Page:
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Voices from the Days of Slavery: Former Slaves Tell Their Stories

As part of the American Memory Project at the Library of Congress, this engaging website offers first-hand audio recollections of the experience of slavery in the American South from 23 African-Americans. The interviews themselves were originally conducted between 1932 and 1975, and contain memories of their lives that include discussions of their feelings on slavery, their families, and on freedom. It is not terribly surprising that very limited biographical information is available about each participant, though the special exhibit that is also available here (titled Faces and Voices From the Presentation), features photographs of some of the interviewees, such as Fountain Hughes, Uncle Bob Ledbetter, and George Johnson. As some of the audio recordings contain a good deal of background noise (and in some cases are incomplete), visitors may also want to follow along by viewing the full-text transcriptions as well. One interview that visitors will want to make sure and listen to is the one with Uncle Billy McCrea conducted in 1940, in which he sings both Blow Cornie Blow and Walk Dooley.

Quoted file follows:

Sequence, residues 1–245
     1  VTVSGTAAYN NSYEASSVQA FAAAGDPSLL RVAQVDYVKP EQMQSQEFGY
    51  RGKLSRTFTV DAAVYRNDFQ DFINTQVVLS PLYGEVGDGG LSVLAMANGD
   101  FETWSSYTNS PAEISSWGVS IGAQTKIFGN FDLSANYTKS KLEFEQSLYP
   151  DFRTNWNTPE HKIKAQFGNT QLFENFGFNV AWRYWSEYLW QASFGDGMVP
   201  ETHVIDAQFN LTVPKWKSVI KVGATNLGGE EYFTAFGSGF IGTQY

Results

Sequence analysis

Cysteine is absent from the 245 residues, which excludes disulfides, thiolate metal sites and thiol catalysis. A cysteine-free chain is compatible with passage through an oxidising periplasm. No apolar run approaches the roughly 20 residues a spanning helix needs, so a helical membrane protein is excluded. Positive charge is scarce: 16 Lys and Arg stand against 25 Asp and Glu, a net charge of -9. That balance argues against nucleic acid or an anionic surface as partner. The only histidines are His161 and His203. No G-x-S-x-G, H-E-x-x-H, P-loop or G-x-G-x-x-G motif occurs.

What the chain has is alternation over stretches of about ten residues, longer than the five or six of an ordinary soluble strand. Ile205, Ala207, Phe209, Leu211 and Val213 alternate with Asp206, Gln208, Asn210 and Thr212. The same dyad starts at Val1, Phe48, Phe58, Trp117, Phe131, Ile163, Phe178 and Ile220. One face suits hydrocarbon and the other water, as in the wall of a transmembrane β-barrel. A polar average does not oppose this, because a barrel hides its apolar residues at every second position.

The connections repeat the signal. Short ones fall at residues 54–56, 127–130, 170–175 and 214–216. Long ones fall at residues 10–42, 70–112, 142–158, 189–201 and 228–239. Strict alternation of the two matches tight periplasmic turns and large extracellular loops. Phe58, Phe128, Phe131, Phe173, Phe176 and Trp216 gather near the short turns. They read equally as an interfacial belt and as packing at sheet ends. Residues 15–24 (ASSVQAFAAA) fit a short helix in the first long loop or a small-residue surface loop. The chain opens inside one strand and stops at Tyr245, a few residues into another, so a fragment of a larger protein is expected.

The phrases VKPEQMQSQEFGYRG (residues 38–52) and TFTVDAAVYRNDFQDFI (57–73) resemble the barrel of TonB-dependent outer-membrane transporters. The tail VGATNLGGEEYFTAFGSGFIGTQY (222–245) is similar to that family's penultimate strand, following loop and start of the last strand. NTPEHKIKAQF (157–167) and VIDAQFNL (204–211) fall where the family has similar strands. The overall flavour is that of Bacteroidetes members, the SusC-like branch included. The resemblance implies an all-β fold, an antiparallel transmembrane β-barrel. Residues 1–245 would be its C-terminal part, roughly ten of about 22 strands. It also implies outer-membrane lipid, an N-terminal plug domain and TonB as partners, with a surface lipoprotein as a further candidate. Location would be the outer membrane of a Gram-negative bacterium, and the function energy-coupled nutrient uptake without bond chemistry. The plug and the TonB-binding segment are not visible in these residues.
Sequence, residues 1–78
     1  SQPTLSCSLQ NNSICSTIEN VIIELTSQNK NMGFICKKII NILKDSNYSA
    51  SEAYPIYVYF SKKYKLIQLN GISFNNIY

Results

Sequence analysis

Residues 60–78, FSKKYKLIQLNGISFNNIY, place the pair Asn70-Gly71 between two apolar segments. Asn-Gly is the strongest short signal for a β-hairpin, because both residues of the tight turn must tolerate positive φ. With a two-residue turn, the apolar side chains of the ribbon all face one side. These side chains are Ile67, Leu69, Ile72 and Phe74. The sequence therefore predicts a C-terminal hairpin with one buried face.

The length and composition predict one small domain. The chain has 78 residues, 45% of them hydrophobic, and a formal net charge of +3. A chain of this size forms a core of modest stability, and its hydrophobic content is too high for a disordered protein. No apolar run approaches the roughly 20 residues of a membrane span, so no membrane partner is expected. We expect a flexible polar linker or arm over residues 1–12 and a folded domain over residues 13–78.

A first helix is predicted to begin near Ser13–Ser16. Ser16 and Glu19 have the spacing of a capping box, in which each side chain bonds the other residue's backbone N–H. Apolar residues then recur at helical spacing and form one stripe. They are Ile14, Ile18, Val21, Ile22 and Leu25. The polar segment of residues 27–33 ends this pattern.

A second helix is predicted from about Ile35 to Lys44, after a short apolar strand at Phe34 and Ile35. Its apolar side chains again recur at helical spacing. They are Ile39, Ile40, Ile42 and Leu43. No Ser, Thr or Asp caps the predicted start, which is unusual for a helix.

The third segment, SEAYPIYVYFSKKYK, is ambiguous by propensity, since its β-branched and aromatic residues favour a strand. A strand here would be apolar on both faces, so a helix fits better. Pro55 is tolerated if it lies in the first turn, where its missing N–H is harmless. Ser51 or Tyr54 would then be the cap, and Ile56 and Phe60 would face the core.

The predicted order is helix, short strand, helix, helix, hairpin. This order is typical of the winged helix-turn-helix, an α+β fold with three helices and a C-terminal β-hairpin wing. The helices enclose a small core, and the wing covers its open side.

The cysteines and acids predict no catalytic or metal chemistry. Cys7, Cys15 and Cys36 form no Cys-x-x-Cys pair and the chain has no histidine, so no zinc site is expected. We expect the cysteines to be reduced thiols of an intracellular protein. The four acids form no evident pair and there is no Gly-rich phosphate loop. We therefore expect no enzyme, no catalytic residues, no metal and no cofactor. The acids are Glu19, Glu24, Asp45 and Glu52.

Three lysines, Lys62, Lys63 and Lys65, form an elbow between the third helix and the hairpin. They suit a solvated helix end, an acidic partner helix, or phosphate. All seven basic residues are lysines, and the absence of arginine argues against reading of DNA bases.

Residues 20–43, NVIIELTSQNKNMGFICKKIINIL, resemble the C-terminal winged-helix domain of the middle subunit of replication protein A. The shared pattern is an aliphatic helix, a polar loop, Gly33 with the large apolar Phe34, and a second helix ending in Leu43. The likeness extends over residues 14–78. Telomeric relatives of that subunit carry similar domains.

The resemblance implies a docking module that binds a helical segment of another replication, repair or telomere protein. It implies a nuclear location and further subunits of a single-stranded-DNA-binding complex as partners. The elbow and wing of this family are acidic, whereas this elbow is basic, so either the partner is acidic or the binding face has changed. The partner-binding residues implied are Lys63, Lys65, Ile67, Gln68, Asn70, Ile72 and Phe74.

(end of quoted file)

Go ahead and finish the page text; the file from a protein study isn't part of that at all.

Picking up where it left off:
Scout Publication
Date of Scout Publication
January 30th, 2004
Date Of Record Creation
January 29th, 2004 at 2:40pm
Date Of Record Release
January 29th, 2004 at 2:40pm
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